AI: From Painter and Conversationalist to Architect and Mechanical Engineer

Only a few weeks and months ChatGPT, DALL-E and other Generative Pre-trained Transformers (GPT) are public, and the discussions do not want to stop. On the one hand, there is amazement at what these AI systems can do and creatively produce paintings and texts based only on a few simple instructions; on the other hand, others already see the end of art and literature looming on the horizon.

The discussion is not a new one. With the invention of photography, the end of painting was predicted. But the opposite occurred: not only were painters brought in to colorize black-and-white photographs in the era of black-and-white photography, there was more demand for pictures and illustrations. Even today, with the emergence and prevalence of smartphone cameras, the number of professional photographers did not decline; it increased in the U.S. from 160,000 in 2002 (before smartphones) to 230,000 in 2021.

In its February 2023 issue, Wired magazine looks at how artists today are already actively using image transformers such as DALL-E, Midjourney, Stable Diffusion, and Artbreeder to create novel images, and very quickly at that. These artificial intelligences thus become nothing more than the modern equivalent of a paintbrush or a camera. Just as the paintbrush added painting on a surface to carving in stones or clay, or the camera gave artists entirely new angles of vision, these GPTs are new creative tools in the artists’ arsenal.

High school teacher Cherie Shields in Oregon told the New York Time podcast Hard Fork how she came across ChatGPT and immediately started using it in the classroom. She teaches her students how to use ChatGPT as a tool to set a starting point for their essays. In doing so, she also points out the limitations of the software and thus teaches her students digital media literacy. Just as cheat sheets or text summaries are sometimes used today, ChatGPT should be viewed in the same way.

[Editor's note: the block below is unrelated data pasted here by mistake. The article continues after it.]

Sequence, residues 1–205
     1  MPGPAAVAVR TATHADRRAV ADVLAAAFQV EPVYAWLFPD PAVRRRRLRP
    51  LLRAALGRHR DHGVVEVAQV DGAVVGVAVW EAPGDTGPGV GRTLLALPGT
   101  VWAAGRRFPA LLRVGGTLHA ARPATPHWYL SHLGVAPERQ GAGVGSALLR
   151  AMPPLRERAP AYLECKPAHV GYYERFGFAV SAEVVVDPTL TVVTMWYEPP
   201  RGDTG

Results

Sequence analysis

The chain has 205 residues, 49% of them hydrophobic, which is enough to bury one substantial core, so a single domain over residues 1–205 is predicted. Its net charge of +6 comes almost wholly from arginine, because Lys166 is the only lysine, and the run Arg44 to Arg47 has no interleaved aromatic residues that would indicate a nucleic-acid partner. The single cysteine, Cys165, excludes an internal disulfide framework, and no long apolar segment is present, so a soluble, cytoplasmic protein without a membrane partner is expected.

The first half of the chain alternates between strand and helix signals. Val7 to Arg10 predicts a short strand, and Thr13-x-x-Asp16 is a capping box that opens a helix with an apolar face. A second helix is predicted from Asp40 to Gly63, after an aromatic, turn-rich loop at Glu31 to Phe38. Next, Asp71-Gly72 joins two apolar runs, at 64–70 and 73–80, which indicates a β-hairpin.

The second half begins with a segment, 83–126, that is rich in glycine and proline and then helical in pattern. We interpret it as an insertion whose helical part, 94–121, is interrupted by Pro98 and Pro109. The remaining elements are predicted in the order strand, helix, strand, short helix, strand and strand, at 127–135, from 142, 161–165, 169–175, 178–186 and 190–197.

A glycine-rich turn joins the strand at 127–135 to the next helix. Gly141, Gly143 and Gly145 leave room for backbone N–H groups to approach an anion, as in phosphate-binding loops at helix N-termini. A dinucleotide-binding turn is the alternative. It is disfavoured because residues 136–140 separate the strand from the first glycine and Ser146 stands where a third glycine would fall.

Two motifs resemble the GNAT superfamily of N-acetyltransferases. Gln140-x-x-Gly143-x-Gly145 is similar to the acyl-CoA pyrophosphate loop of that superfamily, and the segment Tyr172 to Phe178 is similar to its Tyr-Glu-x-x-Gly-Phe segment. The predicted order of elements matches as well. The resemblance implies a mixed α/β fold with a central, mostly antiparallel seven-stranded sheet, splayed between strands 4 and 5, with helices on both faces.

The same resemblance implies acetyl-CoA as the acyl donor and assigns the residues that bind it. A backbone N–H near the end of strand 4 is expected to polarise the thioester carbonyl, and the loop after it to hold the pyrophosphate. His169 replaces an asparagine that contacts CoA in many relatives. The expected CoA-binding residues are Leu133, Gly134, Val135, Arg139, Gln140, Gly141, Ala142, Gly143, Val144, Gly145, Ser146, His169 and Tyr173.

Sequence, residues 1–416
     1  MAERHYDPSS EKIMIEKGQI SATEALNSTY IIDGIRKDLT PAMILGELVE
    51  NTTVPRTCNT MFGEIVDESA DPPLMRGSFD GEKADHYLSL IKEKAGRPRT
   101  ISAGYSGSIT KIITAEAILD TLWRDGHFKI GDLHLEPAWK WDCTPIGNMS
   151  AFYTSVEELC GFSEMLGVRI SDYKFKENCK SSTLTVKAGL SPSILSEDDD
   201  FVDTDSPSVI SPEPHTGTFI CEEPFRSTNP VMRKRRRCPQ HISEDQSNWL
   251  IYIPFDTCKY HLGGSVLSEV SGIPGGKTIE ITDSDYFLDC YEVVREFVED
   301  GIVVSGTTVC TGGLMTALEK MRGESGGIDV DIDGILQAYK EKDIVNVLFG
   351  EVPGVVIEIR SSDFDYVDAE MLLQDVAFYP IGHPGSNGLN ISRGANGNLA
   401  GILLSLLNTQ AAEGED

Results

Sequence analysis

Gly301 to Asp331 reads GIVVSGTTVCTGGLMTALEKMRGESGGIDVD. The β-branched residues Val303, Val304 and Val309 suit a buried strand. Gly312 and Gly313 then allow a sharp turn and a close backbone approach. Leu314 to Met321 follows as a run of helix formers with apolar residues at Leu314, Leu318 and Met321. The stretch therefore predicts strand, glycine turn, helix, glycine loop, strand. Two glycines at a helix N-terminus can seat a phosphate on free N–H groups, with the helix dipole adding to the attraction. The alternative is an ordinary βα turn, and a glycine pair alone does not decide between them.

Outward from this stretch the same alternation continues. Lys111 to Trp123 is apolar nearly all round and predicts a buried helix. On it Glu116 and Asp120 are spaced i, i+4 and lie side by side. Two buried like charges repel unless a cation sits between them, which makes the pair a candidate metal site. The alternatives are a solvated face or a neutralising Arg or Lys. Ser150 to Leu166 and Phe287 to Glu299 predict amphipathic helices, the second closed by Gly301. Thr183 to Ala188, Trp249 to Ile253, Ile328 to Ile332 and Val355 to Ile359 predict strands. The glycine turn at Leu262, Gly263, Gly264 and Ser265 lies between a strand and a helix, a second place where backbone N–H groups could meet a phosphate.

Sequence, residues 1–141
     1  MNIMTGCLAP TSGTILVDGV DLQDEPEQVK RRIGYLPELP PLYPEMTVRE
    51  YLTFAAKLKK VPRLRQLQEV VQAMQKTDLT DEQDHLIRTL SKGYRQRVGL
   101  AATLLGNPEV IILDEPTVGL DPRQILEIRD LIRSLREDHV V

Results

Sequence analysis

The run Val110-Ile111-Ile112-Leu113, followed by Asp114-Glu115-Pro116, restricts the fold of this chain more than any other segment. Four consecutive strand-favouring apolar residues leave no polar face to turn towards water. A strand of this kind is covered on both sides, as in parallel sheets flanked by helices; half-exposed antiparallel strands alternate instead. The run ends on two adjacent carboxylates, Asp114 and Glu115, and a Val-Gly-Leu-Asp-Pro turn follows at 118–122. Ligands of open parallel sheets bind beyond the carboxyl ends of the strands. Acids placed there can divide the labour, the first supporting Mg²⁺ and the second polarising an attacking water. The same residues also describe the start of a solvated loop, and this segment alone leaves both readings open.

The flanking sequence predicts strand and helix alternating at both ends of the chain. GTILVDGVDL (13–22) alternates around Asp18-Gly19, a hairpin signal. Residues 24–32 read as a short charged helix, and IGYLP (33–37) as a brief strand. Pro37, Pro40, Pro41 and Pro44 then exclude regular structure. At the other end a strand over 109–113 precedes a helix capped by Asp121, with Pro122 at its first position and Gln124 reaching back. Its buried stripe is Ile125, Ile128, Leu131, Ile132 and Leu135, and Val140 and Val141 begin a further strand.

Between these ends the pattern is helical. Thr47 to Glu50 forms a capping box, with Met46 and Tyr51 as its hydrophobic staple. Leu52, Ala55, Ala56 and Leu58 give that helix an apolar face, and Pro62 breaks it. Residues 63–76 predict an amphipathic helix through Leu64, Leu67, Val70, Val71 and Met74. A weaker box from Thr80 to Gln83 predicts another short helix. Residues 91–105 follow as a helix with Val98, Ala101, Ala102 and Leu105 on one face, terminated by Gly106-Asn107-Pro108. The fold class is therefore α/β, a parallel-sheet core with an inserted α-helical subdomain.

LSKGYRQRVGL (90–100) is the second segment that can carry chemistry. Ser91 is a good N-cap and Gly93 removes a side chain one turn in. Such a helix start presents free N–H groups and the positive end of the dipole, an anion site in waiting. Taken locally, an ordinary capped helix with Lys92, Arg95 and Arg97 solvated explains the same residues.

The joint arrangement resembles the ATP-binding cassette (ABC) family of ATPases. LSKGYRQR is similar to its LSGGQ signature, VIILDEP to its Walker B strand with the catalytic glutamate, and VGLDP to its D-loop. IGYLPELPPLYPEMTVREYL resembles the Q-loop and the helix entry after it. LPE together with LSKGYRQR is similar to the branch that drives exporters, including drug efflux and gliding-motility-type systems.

I also use DALL-E all the time to quickly create cover images for my blog posts. And it turns out that you have to learn how to give the AI the right “prompts” – the right instructions – to get good results. This is another area where artists already differ, having spent hundreds of hours tweaking their prompts and shaping the results of AI to their liking.

What is being demonstrated on the basis of millions of images and billions of texts with which these AIs have been trained is expanding the possibilities in other fields. For example, feeding an AI with known compounds and their effects could speed up the design of new drugs, and even lead to personalized medicine, where drugs are tailored to the individual patient.

A DALL-E for videos or virtual worlds like the Metaverse could give us AI-generated movies and video games. An Ingmar Bergmann-style drama with a touch of Quentin Tarantino as an anime? Why not? A mysterious world like in Avatar only in the Middle Ages? Please, you tell the system.

But why stay in the digital world and not switch to the physical world right away? An ArchtectureGPT would be fed with millions of plans of various building projects from all over the world and time and already houses or office towers could be generated to choose from. And that complete with parts lists and detailed plans.

Or why do we still sit down and design machines by hand? Just tell MachineGPT, trained on millions of design plans, what product you want, and the AI spits out the plans for such a machine. In the process, it is already optimizing energy and material use.

It will soon seem anachronistic to still do all this by hand and without the help of such AIs, just as telephone operators made telephone connections, draftsmen bent over large tables with pens, rulers and slide rules designed houses, or thick spreadsheets were used to calculate bridge spans. ChatGPT, DALL-E and the like are the harbingers of a revolution in how creative work will soon look in many professions.

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